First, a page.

09 Aug Pic(k) of the week 32: VILLA CAVROIS, ROUBAIX
Source: Bjorn Moerman
Over the last few months, my Architectural photography has been somewhat put on the back burner. Having said so, I still really do enjoy documenting great Architecture; whether it is an early 20th century or Modern building, it often gets my attention!
For me the Art Deco period and more specifically the Late Art Deco between both World Wars, is really something special. Knowing the 1930’s are being referred to as the Great Depression years, some of the Architecture that came out of this period remains very unique.
Such is the case of the Villa Cavrois in Roubaix, close to the Lille in the North part of France. It was designed in 1929 by the famous Modernist Architect Robert Mallet-Stevens for Paul Cavrois, an industrialist active in the textile industry.
When the huge villa was finished in 1932 it was very advanced for its time, having central heating, cold and hot softened drinking water, electric clocks, inter-phone system between the rooms, telephone with the outside world, electric vacuum cleaners and even towel heaters!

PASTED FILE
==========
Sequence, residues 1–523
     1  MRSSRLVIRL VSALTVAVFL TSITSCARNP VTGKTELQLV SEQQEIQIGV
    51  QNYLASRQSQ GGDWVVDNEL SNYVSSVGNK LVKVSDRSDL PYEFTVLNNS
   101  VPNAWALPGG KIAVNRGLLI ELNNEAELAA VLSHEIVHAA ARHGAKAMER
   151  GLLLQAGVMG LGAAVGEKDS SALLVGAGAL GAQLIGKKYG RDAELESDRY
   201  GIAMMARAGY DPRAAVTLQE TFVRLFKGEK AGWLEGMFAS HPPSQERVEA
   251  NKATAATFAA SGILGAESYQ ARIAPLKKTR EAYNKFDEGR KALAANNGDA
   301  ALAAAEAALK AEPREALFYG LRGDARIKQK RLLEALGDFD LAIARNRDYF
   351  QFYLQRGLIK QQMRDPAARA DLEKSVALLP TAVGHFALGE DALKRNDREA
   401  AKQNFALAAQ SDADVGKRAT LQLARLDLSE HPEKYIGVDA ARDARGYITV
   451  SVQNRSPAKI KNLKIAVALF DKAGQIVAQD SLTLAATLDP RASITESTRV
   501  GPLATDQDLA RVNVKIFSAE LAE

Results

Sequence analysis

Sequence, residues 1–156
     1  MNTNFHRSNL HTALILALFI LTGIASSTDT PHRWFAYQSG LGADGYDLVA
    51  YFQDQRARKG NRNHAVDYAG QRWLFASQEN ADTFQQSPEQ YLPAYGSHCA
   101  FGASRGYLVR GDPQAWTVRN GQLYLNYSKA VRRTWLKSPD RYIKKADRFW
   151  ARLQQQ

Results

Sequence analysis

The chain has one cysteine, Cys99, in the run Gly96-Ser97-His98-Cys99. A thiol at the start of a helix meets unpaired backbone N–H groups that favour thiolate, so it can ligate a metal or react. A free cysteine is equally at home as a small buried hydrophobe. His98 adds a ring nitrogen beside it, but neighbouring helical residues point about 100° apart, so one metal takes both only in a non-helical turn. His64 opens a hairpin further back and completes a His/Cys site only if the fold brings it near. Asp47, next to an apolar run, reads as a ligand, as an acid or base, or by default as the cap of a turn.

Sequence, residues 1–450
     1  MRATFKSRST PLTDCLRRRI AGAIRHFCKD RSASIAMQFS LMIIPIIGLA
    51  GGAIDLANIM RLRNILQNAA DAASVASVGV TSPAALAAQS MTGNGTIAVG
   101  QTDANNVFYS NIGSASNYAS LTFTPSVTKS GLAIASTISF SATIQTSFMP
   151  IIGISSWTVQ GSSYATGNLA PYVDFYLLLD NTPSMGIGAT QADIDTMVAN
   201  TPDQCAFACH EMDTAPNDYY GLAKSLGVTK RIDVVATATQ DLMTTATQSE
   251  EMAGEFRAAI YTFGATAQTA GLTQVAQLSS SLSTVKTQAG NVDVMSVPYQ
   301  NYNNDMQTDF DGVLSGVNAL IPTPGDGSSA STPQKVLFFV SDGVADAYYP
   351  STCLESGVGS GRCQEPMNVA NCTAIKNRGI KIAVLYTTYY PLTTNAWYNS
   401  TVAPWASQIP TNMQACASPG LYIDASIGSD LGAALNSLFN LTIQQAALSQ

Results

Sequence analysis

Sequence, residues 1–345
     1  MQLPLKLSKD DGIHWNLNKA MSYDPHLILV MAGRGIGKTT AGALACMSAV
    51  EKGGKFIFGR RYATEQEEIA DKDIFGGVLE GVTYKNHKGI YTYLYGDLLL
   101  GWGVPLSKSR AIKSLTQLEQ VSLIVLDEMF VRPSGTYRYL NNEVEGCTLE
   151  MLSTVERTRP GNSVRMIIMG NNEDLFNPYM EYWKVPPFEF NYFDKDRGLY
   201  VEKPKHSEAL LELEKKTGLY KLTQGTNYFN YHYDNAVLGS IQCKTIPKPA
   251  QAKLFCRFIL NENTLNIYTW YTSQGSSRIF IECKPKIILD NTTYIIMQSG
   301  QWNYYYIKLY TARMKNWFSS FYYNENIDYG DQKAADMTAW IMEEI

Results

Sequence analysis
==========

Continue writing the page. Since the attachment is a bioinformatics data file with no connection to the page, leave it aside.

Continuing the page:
During World War II, the German military confiscated the house, but the family Cavrois returned to it in 1947. After that it remained inhabited till the death of Madame Cavrois in 1986, but then rapidly decayed when it was looted and occupied by squatters. It quickly became heavily vandalized and some people wanted to demolish the villa in order to sell of the land.
Luckily the French government eventually stepped in when the Ministry of Culture bought it in 2001. After an extensive 15 year restoration period, having invested 23 million euro, the Villa Cavrois was in 2015 finally restored to its full glory
Pic(k) of the week 32: VILLA CAVROIS, ROUBAIX posted on Bjorn Moerman on .
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